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In the Fall 2017 term, Thomas Kunz is teaching SYSC 4001, our undergraduate course on Operating Systems. The online calendar description can be found here. This page contains some information about the course and links to additional resources available to the class, either provided by the instructor or existing on the Internet. Assignment submissions and other announcements are handled through cuLearn.
What is an OS? That is a difficult (and contentious) question.
· The Economist has an article about Microsoft and the lawsuits around Windows in the US and Europe. This gives you a good idea of the kind of discussion about "What is an OS?" in the case of Microsoft.
· One OS we are not talking about, but which plays a potentially important role in cars, is QNX.
· Apple announced a new file system for all its devices (Apple File System). Here is the video from the announcement at WWDC 2016, which goes through the why and how of that new file system.
· A slightly humorous take on OS is this MP3 file (password-protected). Warning: uses rude language :-).
· And to follow up in that vein: check out the deliberately polemic PDF file/talk "Systems Software Research is Irrelevant" by Rob Pike, who is quite involved in OS system research and development.
· Process synchronization: a classic problem is the Dining Philosopher’s Problem
· Speaking of animations: here is a set of animations to illustrate various aspects that we covered in class (password-protected).
The following textbook is mandatory in this course: William Stallings, Operating Systems: Internals and Design Principles, 9th edition, Pearson 2018, ISBN-9780134670959. One strong argument in favor of this (as opposed to some other) textbook is the fact that it exemplifies the abstract concepts we will discuss with examples taken from probably the most widely used operating systems: Windows, Linux, and Android. This will help students to put the general design principles and their relative trade-offs into perspective.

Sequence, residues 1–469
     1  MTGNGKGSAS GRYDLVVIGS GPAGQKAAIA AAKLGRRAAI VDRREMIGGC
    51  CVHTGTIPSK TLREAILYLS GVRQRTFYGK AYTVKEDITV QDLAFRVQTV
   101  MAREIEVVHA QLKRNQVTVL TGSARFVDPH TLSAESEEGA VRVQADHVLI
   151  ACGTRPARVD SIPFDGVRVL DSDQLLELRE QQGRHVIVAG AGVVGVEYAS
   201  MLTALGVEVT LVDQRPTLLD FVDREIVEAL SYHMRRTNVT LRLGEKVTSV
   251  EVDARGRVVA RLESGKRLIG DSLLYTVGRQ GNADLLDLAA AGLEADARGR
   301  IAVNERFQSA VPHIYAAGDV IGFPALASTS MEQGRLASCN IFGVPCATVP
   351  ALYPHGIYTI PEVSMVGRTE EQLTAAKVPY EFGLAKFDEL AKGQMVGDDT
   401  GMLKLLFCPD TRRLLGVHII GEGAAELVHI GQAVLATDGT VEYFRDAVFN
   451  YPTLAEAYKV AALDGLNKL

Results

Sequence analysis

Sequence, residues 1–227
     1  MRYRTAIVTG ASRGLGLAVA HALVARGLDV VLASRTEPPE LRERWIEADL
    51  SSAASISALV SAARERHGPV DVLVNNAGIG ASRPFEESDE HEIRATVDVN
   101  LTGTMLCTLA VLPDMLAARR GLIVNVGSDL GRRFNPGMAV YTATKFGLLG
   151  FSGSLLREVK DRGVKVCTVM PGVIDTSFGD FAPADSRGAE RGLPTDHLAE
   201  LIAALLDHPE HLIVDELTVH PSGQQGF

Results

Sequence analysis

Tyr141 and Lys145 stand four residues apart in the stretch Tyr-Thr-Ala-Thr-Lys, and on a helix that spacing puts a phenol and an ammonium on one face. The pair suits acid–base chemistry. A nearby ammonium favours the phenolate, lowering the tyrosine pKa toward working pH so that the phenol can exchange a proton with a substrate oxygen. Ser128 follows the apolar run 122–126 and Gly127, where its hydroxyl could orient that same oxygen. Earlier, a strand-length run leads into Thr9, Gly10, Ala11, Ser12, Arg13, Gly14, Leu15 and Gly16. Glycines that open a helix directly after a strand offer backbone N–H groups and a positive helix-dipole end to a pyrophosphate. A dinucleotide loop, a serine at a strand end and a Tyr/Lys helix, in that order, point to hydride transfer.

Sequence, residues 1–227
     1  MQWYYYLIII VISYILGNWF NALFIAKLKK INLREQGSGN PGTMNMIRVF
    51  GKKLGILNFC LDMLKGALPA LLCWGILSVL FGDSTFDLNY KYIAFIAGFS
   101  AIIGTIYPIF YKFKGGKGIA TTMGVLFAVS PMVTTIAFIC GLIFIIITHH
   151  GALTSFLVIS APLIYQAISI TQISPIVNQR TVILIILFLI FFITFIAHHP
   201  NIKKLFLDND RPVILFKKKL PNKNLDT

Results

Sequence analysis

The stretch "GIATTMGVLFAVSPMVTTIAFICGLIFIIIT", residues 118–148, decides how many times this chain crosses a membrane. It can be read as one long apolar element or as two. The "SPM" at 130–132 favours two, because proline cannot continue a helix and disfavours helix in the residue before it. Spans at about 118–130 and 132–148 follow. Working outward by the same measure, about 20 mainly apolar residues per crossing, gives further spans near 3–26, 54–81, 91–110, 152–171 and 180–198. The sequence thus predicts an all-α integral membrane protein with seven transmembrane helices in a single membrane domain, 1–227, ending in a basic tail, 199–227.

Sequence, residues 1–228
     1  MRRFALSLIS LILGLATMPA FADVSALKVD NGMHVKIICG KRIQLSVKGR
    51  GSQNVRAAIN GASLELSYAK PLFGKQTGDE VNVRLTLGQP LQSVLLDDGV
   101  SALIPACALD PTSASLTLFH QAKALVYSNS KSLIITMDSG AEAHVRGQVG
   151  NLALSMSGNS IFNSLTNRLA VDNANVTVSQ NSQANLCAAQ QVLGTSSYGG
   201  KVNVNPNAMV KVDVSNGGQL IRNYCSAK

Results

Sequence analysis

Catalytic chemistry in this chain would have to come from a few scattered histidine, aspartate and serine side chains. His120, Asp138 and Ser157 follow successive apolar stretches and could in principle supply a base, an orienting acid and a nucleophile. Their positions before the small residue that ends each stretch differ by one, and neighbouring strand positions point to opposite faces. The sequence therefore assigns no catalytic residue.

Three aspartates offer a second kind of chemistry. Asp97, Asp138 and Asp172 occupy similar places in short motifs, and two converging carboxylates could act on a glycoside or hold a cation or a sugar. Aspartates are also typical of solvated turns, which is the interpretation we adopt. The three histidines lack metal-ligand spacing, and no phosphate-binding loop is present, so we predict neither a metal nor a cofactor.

Students who do not write the final exam have the option to write an exam at a later point in time. This rule, aimed at students who are sick during exam periods, apparently leads to some abuse by students who strategically choose which exam to write when. In an effort to be fair to students who cannot write the exam for a legitimate reason, while at the same time discouraging the abuse of this rule, the following policy has been adopted widely in the Faculty of Engineering and Design:
Students taking supplemental or deferred examinations haveseveral more months to study than their colleagues. Also theyhave a less-crowded examination schedule. Thus it is only fair tothe majority of students to expect a substantially betterperformance on these examination than on the final.
This is the policy that I will also adopt for this course. Please note that the above formulation leaves it up to the instructor whether the supplemental or deferred examination will be harder or the marking scheme will be more rigorous.
A note on assignments and cheating: the assignments are individual assignments. Evidence of cheating will be investigated and will be reported to the Associate Dean, see also General Regulations 12. Cheating consists of collaboration (handing in someone else's solution as your own as well as allowing someone else to copy your solution) and extensive quoting from textbooks and other sources without proper reference. I do encourage students to discuss the assignment questions with each other, and to consult textbooks and other sources to derive an answer. However, I also do expect students to hand in solutions that are clearly their own effort, clearly identifying the extensive use of external sources (and your classmates do not count as valid external sources).
· Course handout
Password-protected course material: assignments and exams, etc.
I will NOT post my lecture slides. I will follow the course textbook closely, and want to encourage everyone to follow the lectures, posting the slides usually ends up motivating the opposite behaviour.